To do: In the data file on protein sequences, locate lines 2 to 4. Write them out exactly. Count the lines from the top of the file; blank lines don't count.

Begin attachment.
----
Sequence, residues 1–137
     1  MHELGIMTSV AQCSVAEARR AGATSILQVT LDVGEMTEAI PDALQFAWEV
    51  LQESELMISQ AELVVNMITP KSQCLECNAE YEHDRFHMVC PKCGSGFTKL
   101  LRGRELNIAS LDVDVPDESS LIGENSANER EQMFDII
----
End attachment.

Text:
     1  MHELGIMTSV AQCSVAEARR AGATSILQVT LDVGEMTEAI PDALQFAWEV
    51  LQESELMISQ AELVVNMITP KSQCLECNAE YEHDRFHMVC PKCGSGFTKL
   101  LRGRELNIAS LDVDVPDESS LIGENSANER EQMFDII